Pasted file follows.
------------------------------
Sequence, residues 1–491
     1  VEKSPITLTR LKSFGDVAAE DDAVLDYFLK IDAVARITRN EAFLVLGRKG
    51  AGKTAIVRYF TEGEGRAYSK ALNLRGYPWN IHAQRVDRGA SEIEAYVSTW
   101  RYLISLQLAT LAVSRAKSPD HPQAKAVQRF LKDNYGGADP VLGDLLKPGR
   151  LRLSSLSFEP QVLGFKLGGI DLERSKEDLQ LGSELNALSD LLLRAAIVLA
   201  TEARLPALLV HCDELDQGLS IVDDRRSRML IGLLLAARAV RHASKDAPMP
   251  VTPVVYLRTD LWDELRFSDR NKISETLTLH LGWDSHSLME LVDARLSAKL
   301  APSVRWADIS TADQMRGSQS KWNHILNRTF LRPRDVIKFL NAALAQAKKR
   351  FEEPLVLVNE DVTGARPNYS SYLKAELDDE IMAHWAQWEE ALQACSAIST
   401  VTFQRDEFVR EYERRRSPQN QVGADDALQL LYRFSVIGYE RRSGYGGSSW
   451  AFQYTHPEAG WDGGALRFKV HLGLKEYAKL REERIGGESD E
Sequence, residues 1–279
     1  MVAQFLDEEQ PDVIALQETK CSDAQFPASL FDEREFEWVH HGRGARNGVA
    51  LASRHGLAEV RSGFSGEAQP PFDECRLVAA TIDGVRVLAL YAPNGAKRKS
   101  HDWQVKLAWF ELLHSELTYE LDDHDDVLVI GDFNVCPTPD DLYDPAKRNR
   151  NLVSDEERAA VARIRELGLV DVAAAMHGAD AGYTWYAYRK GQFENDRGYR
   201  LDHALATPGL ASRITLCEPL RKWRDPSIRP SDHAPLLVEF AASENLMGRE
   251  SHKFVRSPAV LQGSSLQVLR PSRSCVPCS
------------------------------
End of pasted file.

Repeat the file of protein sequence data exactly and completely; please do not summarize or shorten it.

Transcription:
Sequence, residues 1–491
     1  VEKSPITLTR LKSFGDVAAE DDAVLDYFLK IDAVARITRN EAFLVLGRKG
    51  AGKTAIVRYF TEGEGRAYSK ALNLRGYPWN IHAQRVDRGA SEIEAYVSTW
   101  RYLISLQLAT LAVSRAKSPD HPQAKAVQRF LKDNYGGADP VLGDLLKPGR
   151  LRLSSLSFEP QVLGFKLGGI DLERSKEDLQ LGSELNALSD LLLRAAIVLA
   201  TEARLPALLV HCDELDQGLS IVDDRRSRML IGLLLAARAV RHASKDAPMP
   251  VTPVVYLRTD LWDELRFSDR NKISETLTLH LGWDSHSLME LVDARLSAKL
   301  APSVRWADIS TADQMRGSQS KWNHILNRTF LRPRDVIKFL NAALAQAKKR
   351  FEEPLVLVNE DVTGARPNYS SYLKAELDDE IMAHWAQWEE ALQACSAIST
   401  VTFQRDEFVR EYERRRSPQN QVGADDALQL LYRFSVIGYE RRSGYGGSSW
   451  AFQYTHPEAG WDGGALRFKV HLGLKEYAKL REERIGGESD E
Sequence, residues 1–279
     1  MVAQFLDEEQ PDVIALQETK CSDAQFPASL FDEREFEWVH HGRGARNGVA
    51  LASRHGLAEV RSGFSGEAQP PFDECRLVAA TIDGVRVLAL YAPNGAKRKS
   101  HDWQVKLAWF ELLHSELTYE LDDHDDVLVI GDFNVCPTPD DLYDPAKRNR
   151  NLVSDEERAA VARIRELGLV DVAAAMHGAD AGYTWYAYRK GQFENDRGYR
   201  LDHALATPGL ASRITLCEPL RKWRDPSIRP SDHAPLLVEF AASENLMGRE
   251  SHKFVRSPAV LQGSSLQVLR PSRSCVPCS